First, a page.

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In A Jam For Jesus


Two Melbourne members of a tiny religious group face abduction charges in Kenya. Neil McMahon reports.

HE IS not your average preacher. David McKay is married to Cherry, his high school sweetheart, extols the virtues of regular masturbation, encourages people to give away their spare kidney and expects his followers to share or give away all their worldly goods.

The leader of the Sydney-based Jesus Christians wants to spread this gospel around the world, a mission that led Australian couple Roland and Susan Gianstefani and 10-year-old son Danny to Kenya. They are now trapped there, accused of kidnapping the daughter of a wealthy businessman and fearful they may face years in prison.

It is the latest twist in the tale of a religious group based on an unlikely central premise - "voluntary poverty" as practised by Jesus Christ - that manages to attract publicity and controversy in inverse proportion to its size.

The Jesus Christians, started by McKay in Victoria in the early 1980s, claim just 27 members across the globe, but have garnered significant attention from campaigners who consider them a dangerous cult. To Susan Gianstefani, that is "just a word to generate fear" - a lot of fear, if the Gianstefanis' experiences are any guide.

Originally from Melbourne, they were first hit by a media storm five years ago in Britain, where they were charged with contempt of court for refusing to reveal the whereabouts of a 16-year-old boy, Bobby Kelly. It is a public controversy with echoes in the drama now unfolding in Kenya, where they have been charged with abducting 27-year-old Betty Njoroge. The case presents problems for Kenyan authorities: as with Kelly in 2000, Njoroge says she was with the couple of her own free will.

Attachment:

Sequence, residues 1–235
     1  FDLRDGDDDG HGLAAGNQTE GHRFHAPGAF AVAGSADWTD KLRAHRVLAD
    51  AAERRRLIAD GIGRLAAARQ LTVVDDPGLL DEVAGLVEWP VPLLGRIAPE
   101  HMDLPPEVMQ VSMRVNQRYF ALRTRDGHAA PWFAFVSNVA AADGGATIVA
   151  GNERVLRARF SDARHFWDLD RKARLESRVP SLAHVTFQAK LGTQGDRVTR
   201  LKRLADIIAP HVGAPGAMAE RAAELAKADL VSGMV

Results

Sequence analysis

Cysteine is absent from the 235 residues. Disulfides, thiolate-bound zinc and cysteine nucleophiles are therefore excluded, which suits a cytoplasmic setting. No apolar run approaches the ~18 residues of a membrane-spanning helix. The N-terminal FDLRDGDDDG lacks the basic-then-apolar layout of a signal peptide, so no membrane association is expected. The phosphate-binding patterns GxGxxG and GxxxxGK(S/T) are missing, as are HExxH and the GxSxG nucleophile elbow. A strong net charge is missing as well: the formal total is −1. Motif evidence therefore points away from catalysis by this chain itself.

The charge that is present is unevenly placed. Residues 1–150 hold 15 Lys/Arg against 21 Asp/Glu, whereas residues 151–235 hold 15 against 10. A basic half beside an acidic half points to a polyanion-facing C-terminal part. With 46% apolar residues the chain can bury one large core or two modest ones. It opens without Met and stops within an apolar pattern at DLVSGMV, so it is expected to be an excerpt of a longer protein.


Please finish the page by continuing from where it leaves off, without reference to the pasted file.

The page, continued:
And far from their being villains, Njoroge claims the Gianstefanis are victims of a plot by her wealthy father to stop her joining the Jesus Christians. Her father, Fred Njoroge, is extremely wealthy, particularly by Kenyan standards, she says. The Gianstefanis say he was unafraid to wield his considerable influence when his daughter, having met Susan on a Nairobi street handing out Jesus Christians literature, announced her plan to spend time with the group, along with her seven-year-old son, Joshua. It was early June, and she had taken the couple to meet her parents. "They were very hostile," Njoroge recalls, particularly over her intention to take her son. "But if I was going to do this, he was going to have to live with me and be a part of it, so I had to see if he could adjust to it."

Njoroge went ahead, joining the Jesus Christians for what she intended to be a week or two of learning about the group. But on June 17, her father took action. As Roland Gianstefani proselytised on the streets of the capital, four police officers pulled up in a black Mercedes and took him into custody.

He was held without charge, sometimes in what he calls "very poor" and unsanitary conditions, for 10 days, despite Njoroge calling police and her family to assure them she had not been kidnapped.

After inquiries by the Australian high commission, he was charged with abduction on June 27, but not granted bail. In the meantime, police had issued a warrant for his wife's arrest. Njoroge, fearful she too would be rounded up, went into hiding from her family.